Not all Friends can become truly quiet instantly or at every meeting. It cannot be done at will; indeed, “will” too often proves an obstacle. After a time, however, a number of worshippers do seem to be sharing the Presence of a guiding Spirit. Vocal ministry or prayer may or may not occur, springing from the heart of one or more worshippers. Any who feel called by an inward urging of the Holy Spirit to speak are advised to do so, simply and clearly.
As the meeting continues, there comes a time when a Friend, chosen beforehand, feels the appropriate time has come to close the meeting, and shakes hands with his nearest neighbor.
The Society of Friends endeavors in all its business meetings to conserve and nurture the spiritual worship already described. The following method of conducting business has been found equally effective in large or small groups. A business meeting begins, and should also end, in worship. As business is brought before them, Friends try to continue in a spirit of search for divine guidance. It naturally follows that there can be no rightful or satisfactory decision of a matter until there is a large measure of unity in it. Thus our business is decided by the corporate “sense of the meeting,” and not by a majority vote.
As business proceeds Friends speak to it, each according to his best insight. Often the insights of several Friends contribute to a decision more serviceable than any single suggestion. As Friends approach agreement, the Clerk composes a minute declaring what the meeting’s will appears to be. When a minute is finally approved, it becomes part of the permanent record. If the meeting fails to reach agreement on an issue, or declines to deal with it, a brief minute is prepared either dismissing it or postponing the decision to a future time.
Since all of the Society’s business should proceed from worship, each worship group is also a potential business group. A group which has met regularly for weekly worship, and has grown to include several families, may organize and function as a business meeting. The Monthly Meeting, historically, is the basic business unit of the Society. A new group, ready for organization as a Monthly Meeting, should seek help, advice, and recognition from an established Yearly Meeting through one of its subordinate meetings. When such a meeting is satisfied as to the stability of a new meeting, it may formally organize as a Monthly or Preparative Meeting.
Existing Monthly Meetings should correspond with, visit, and encourage worship groups which have not yet organized. Such informal groups should name a person to serve as correspondent. When the meeting is organized, the Clerk will take on this duty.
Just as for the earliest Christian church, so for the Society of Friends, the membership constitutes the body of the church, under Christ, our Head. “So we, being many, are one body in Christ, and every one members one of another” (Romans 12:5). Consequently, membership is considered a privilege entailing a corresponding responsibility, first of all toward Christ, and secondly toward one another.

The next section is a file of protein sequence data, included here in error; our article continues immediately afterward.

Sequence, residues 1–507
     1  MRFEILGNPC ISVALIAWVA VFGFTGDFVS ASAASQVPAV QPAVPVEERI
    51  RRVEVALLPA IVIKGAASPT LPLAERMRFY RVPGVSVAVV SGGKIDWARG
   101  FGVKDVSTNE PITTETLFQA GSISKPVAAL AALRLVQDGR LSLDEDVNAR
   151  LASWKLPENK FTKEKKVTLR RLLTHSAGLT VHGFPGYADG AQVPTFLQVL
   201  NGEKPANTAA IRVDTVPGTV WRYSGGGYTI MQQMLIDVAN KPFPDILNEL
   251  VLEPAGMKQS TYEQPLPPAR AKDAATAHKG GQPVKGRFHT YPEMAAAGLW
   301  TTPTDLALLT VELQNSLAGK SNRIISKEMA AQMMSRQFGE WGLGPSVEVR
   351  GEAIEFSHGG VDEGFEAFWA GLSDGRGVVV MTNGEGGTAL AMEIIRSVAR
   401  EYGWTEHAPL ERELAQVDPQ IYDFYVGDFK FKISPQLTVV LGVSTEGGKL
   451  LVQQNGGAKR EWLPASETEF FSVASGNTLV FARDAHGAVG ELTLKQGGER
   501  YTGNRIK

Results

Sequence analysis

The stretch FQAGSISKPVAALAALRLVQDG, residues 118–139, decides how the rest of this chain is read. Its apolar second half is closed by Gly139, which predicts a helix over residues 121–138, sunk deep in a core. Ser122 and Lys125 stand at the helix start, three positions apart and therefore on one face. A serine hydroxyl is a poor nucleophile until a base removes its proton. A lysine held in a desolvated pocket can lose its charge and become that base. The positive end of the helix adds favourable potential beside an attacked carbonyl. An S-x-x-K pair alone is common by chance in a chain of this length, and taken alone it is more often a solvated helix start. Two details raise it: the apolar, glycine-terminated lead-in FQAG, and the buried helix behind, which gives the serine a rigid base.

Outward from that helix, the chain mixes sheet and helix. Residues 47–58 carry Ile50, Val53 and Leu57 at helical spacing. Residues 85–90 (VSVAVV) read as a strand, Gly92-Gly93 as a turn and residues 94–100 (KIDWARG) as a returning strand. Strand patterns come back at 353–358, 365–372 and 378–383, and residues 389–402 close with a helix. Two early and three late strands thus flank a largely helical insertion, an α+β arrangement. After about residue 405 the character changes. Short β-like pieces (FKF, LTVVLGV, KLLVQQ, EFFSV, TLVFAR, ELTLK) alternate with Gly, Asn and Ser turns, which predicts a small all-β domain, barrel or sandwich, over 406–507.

Parents may request Associate or Birthright membership for their children. Birthright and Associate members are eligible to take full part in meeting affairs. Birthright or Associate membership will end at age 25. If a person has not requested alternate membership by that time, the Overseers should meet with that person to determine whether continued membership in the meeting is appropriate, and what form that might take.
Forms of Adult Membership
Although we realize that there are many different stages in an individual’s spiritual journey and many levels of understanding, we believe that to be an effective participant in a covered meeting for business an individual must be open to the experience of the Divinity of Christ and must have an under- standing of the necessity to surrender oneself to the Will of God as shown to us by the Power of Christ within us.
Those considering adult membership who do not yet feel comfortable with this surrender, feeling the Tender Guide and wishing to maintain established ties with Ohio Yearly Meeting, are encouraged to apply for Waiting Membership. Such members would continue to be nurtured by the Meeting through newsletters, phone calls, and visitation. Waiting Members would not be eligible as participants in meetings for business, although they would be welcomed as observers and worshippers with us. At the discretion of the Monthly Meetings, Waiting Members may be appointed to serve on committees, except Nominating Committee or as a committee convenor. It is to be hoped that in this way members might not be cut off from our Meeting, but that over time the tender leadings of Christ might bring them to Full Membership with us.
This form of membership provides one way for persons living at a distance from established meetings of Ohio Yearly Meeting to be formally affiliated with us. Affiliate membership is intended to provide spiritual support from and connection to Ohio Yearly Meeting for Friends who lie outside our normal geographic area and who feel a sense of spiritual isolation. This is not meant to discourage those who, living at a distance, wish to participate as full members in the business of our meetings. Monthly Meetings may accept such persons as full members.